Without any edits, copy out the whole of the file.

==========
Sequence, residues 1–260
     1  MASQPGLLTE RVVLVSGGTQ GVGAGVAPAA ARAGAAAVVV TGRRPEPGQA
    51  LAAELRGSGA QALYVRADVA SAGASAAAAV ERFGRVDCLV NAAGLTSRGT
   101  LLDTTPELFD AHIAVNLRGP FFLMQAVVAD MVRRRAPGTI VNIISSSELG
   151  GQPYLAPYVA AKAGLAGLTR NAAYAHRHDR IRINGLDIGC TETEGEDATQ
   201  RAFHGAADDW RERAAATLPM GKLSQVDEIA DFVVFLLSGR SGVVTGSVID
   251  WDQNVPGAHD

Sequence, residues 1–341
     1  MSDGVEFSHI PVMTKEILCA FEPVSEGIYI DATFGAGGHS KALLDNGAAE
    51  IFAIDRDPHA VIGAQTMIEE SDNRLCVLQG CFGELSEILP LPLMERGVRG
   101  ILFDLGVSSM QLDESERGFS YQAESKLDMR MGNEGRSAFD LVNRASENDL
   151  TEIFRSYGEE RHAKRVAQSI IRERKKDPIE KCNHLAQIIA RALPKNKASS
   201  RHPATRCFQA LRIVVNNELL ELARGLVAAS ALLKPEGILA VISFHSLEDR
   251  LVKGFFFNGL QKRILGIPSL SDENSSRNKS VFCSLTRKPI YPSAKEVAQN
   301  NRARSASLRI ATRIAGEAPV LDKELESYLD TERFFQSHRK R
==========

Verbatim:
Sequence, residues 1–260
     1  MASQPGLLTE RVVLVSGGTQ GVGAGVAPAA ARAGAAAVVV TGRRPEPGQA
    51  LAAELRGSGA QALYVRADVA SAGASAAAAV ERFGRVDCLV NAAGLTSRGT
   101  LLDTTPELFD AHIAVNLRGP FFLMQAVVAD MVRRRAPGTI VNIISSSELG
   151  GQPYLAPYVA AKAGLAGLTR NAAYAHRHDR IRINGLDIGC TETEGEDATQ
   201  RAFHGAADDW RERAAATLPM GKLSQVDEIA DFVVFLLSGR SGVVTGSVID
   251  WDQNVPGAHD

Sequence, residues 1–341
     1  MSDGVEFSHI PVMTKEILCA FEPVSEGIYI DATFGAGGHS KALLDNGAAE
    51  IFAIDRDPHA VIGAQTMIEE SDNRLCVLQG CFGELSEILP LPLMERGVRG
   101  ILFDLGVSSM QLDESERGFS YQAESKLDMR MGNEGRSAFD LVNRASENDL
   151  TEIFRSYGEE RHAKRVAQSI IRERKKDPIE KCNHLAQIIA RALPKNKASS
   201  RHPATRCFQA LRIVVNNELL ELARGLVAAS ALLKPEGILA VISFHSLEDR
   251  LVKGFFFNGL QKRILGIPSL SDENSSRNKS VFCSLTRKPI YPSAKEVAQN
   301  NRARSASLRI ATRIAGEAPV LDKELESYLD TERFFQSHRK R